Lawmakers on Capitol Hill held hearings and filed complaints over ethics issues at the high court and even attempted to enforce a code upon the justices, however the once-bipartisan issue devolved into a solely Democratic goal, making it nearly impossible to move forward. 

Although there was no quick response to calls from lawmakers and ethics advocates for a set of standards, the justices gave hints that the high court was discussing the matter. 

Ethics experts have hounded the justices for years over when their recusal is required from a case. The code says the justices should step down if their “impartiality might reasonably be questioned, that is, where an unbiased and reasonable person who is aware of all relevant circumstances would doubt that the Justice could fairly discharge his or her duties.” 

The code describes instances of impartiality as having a personal bias concerning a party in a case, having participated at a prior stage of the proceeding, knowing that someone close to the justice has a financial interest in the subject matter at issue, or the justice's spouse is involved in the case. The code clarifies that participating in friend-of-the-court briefs does not warrant recusal. 

In its commentary section, the court notes that recusal for the justices presents larger barriers than for other judges. 

“Lower courts can freely substitute one district or circuit judge for another,” the court wrote. “The Supreme Court consists of nine members who sit together. The loss of even one Justice may undermine the ‘fruitful interchange of minds which is indispensable’ to the court’s decision-making process.”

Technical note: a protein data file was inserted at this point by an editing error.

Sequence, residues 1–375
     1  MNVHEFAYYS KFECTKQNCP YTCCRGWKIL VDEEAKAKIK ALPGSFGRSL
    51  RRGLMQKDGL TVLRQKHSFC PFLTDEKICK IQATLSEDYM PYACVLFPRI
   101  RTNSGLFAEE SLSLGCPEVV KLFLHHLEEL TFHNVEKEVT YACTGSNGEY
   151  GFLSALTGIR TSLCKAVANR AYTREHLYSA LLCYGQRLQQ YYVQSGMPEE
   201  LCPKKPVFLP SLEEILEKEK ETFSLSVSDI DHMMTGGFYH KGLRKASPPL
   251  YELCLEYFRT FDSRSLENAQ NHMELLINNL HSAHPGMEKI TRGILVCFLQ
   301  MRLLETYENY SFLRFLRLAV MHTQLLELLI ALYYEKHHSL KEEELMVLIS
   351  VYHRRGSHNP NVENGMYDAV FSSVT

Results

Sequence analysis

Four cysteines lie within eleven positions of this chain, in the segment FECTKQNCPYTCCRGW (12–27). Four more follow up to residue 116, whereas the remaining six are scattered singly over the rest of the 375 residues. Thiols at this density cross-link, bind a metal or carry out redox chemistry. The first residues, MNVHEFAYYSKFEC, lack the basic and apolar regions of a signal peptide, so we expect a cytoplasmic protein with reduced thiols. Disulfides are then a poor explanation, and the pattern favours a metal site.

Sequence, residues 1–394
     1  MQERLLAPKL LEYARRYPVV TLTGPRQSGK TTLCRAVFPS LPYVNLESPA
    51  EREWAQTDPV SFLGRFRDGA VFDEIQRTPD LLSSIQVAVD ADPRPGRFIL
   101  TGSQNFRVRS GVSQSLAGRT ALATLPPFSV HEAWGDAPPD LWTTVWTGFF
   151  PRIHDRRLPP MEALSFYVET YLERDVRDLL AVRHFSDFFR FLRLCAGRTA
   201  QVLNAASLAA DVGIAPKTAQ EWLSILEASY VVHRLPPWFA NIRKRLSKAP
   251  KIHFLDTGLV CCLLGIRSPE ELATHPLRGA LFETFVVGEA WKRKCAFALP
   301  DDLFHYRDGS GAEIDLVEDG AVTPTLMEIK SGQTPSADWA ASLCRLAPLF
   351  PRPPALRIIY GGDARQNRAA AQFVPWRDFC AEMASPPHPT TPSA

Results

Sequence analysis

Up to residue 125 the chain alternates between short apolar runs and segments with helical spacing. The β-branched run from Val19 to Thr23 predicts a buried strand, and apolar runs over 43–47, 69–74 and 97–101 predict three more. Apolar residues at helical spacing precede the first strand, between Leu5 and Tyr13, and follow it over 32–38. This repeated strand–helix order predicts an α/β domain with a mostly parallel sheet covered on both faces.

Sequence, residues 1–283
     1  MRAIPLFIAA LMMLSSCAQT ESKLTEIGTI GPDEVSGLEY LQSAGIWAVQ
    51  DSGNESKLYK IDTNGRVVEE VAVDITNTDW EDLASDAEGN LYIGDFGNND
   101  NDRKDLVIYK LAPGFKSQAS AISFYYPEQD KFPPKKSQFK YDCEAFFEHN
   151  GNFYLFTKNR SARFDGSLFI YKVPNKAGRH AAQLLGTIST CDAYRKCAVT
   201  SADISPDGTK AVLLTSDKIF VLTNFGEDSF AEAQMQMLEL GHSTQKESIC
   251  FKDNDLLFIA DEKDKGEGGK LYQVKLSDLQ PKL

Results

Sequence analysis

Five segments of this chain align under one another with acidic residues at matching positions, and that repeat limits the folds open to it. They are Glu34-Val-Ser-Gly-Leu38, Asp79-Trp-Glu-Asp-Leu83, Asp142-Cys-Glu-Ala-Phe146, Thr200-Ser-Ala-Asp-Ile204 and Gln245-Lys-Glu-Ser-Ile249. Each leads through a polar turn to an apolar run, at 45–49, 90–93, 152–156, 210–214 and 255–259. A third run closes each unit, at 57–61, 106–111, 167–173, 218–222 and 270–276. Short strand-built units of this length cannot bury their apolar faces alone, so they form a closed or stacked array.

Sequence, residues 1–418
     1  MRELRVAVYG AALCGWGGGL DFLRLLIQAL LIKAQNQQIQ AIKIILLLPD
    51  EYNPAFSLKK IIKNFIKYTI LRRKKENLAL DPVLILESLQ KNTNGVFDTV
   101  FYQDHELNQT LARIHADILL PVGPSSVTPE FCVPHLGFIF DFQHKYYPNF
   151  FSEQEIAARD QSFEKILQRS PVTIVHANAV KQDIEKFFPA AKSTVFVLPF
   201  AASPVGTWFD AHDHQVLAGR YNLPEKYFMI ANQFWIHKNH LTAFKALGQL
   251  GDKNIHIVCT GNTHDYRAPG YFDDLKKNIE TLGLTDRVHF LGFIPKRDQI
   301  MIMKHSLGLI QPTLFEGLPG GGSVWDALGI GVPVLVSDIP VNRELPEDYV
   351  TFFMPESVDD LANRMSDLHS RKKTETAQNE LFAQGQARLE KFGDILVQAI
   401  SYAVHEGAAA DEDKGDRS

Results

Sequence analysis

The court describes a recusal as the equivalent of casting a vote against the party before the court. Because of these limits, the court said it adopted a narrow recusal code that will allow the court to function in an effective manner. 

“Because of the broad scope of the cases that come before the Supreme Court and the nationwide impact of its decisions, this provision should be construed narrowly,” the court wrote. “For example, a Justice who has school-age nieces and nephews need not recuse from a case involving student loans even though the disposition of that case could substantially affect the terms on which the Justice’s relatives would finance their higher education.”

Because of the number of petitions before them, the court says recusal decisions will be made by individual justices. 

The code addresses the justices’ “extrajudicial activities” which have been at the center of ethics violation reporting surrounding the court. Justices can attend fundraising events, according to the code, but not events hosted by a group with substantial financial interest in cases before the court or likely to come before the court in the near future. 

“In deciding whether to speak or appear before any group, a Justice should consider whether doing so would create an appearance of impropriety in the minds of reasonable members of the public,” the code states. “Except in unusual circumstances, no such appearance will be created when a Justice speaks to a group of students or any other group associated with an educational institution, a bar group, a religious group, or a non-partisan scholarly or cultural group.”

Addressing gift acceptance directly, the code states that the justices must comply with gift regulations set out by the Judicial Conference. The code also addresses financial reporting — another area of heightened attention — saying the justices can accept reasonable compensation and reimbursement of expenses for permitted activities if the person paying them does not give off the appearance of influencing the justices’ duties. 

“For some time, all justices have agreed to comply with the statute governing financial disclosure, and the undersigned members of the court each individually reaffirm that commitment,” the code reads. 

Included in the code is a provision on “outside influence” — conduct some of the justices have been accused of partaking in by accepting gifts from parties with cases before the court. The code says the justices should not allow private interests to convey that they hold special influence over the justices.